Covid-19 makes massive dent in global coal generation, as wind and solar thrive | RenewEconomy

Covid-19 makes massive dent in global coal generation, as wind and solar thrive

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Falling electricity use across the OECD due to Covid-19 has seen coal power output slashed, while renewables continue to gain market share.

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New statistics published by the International Energy Agency outline how coal-fired generation is bearing the brunt of Covid-19 triggered cuts to energy use, while renewable energy supplies continue to flourish.

The latest monthly statistics published by the IEA found that in OECD countries, which include Australia, electricity generation from coal fell a massive 21.6 per cent in March, compared to the same period 12-months prior.

Meanwhile, the share of electricity generated from solar generation grew an impressive 15.6 per cent, with wind adding an additional 4 per cent in March. Gas generation was comparatively stable, increasing 2.7 per cent in March, driven by increased demand from Northern American members of the OECD.

This trend has been reflected in Australia, with coal generation falling 11 per cent in March, while renewables generation increased 19.3 per cent. Overall demand for electricity in Australia in March was down 7.8 per cent compared to the previous year.

The drop in coal production significantly outpaces the overall fall in total electricity consumption, which fell 3.6 per cent in March across all OECD countries, as the economic impacts of Covid-19 shutdowns started to have an impact on economic activity.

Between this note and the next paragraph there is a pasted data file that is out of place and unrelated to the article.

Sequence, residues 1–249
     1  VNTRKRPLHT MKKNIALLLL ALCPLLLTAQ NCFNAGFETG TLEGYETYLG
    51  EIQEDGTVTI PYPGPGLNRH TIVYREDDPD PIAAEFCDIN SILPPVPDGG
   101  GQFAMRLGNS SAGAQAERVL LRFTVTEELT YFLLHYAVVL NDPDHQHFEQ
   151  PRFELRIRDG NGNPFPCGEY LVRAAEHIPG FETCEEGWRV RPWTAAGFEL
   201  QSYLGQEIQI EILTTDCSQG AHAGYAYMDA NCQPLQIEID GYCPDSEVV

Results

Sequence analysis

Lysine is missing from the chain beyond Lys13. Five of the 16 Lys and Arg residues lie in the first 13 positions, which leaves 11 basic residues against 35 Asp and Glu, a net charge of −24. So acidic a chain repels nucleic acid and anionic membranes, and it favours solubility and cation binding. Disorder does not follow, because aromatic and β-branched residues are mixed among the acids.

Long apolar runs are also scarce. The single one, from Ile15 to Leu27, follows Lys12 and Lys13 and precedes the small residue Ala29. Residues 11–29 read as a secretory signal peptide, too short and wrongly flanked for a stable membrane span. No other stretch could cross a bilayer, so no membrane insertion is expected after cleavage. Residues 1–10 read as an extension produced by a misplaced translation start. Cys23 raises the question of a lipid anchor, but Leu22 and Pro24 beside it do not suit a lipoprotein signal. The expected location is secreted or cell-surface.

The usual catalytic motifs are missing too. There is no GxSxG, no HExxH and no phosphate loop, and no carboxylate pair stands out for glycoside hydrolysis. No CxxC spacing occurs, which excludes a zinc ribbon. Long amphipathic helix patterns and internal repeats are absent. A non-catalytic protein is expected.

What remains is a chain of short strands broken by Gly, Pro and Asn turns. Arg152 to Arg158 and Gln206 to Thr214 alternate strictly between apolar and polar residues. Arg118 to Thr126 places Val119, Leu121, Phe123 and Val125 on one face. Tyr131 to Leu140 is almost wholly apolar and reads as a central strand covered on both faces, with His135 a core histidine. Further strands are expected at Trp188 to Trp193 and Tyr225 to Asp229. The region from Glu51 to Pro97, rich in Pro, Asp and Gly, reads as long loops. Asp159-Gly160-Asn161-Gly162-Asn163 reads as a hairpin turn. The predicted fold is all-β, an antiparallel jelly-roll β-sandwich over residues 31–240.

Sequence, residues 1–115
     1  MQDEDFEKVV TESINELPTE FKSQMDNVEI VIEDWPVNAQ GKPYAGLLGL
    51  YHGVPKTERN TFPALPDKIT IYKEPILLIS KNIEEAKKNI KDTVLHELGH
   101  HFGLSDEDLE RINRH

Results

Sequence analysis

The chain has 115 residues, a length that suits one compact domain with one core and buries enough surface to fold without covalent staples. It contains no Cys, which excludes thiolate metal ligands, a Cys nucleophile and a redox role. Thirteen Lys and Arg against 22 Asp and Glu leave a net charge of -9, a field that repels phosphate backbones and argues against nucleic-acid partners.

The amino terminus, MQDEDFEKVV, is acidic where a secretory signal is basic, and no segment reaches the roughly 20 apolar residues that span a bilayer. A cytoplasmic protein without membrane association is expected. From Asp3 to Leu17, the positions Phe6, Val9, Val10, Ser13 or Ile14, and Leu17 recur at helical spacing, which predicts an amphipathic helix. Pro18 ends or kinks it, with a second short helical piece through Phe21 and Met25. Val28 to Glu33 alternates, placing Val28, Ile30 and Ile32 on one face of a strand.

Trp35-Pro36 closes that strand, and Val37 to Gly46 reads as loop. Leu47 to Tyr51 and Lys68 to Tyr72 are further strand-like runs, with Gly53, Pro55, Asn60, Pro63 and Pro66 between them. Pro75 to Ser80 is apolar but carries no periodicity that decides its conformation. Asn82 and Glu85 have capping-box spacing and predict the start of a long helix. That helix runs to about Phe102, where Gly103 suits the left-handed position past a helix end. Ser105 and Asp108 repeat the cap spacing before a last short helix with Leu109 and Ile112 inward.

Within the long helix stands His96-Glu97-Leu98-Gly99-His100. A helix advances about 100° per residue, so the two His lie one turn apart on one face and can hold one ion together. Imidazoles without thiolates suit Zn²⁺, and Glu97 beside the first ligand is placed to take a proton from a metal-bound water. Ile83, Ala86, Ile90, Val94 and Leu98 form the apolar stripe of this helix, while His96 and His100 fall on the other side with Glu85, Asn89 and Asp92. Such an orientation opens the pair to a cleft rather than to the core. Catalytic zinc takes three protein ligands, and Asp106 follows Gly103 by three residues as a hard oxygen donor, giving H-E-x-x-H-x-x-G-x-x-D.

Electricity generation by source – OECD countries. Source: IEA

However, renewable electricity generation bucked this trend, growing 7.1 per cent in March, driven by substantial growth in solar capacity across the OECD, along with a boost to hydroelectricity generation helped by strong rains in Europe.

With renewables continuing to be dispatched due to lower marginal costs, it has been the more costly coal generators have been pushed out of the market first, in response to falling electricity demand.

“Across all major regions, the power mix has shifted towards renewables following lockdown measures due to depressed electricity demand, low operating costs and priority access to the grid through regulations,” the IEA said.

OECD members, which account for around two-thirds of global GDP, include well-developed economies including Australia, the United States, South Korea, Japan and most of the European Union, but excludes emerging economic powerhouses like China, Brazil and Russia.

Electricity market share – OECD countries. Credit: IEA

Falls in demand for electricity have predominantly impacted upon generation sources with higher marginal costs, such as coal and gas, with zero marginal cost sources like wind and solar being largely uncurtailed.

The combined impacts of falling coal generation and increasing renewables supply saw the market share for renewables, including hydro, surge to 33.7 per cent, with new records being set in both Spain and Germany during Covid-19 lockdowns.

“The share of variable renewables in the electricity mix depends on many factors: wind and solar parks in operation, weather conditions, and total demand. In several EU countries, in particular Italy, Spain and Germany, new records have been reached during the lockdown period. The share of variable renewables remain high as lockdown measures are softening,” the IEA said.

An earlier assessment from the IEA into the global gas market labelled that sector as being in “meltdown” due to Covid-19, saying that it was on track to suffer the largest ever “demand shock in the history of global natural gas markets.”

Gas and oil markets have suffered, as the combined effects of falling demand and a glut of supply have seen prices tumbling. At one point, in the peak of the global economic disruption caused by Covid-19, the United States oil price fell to negative levels, as oil producers tried desperately to offload surplus supply.

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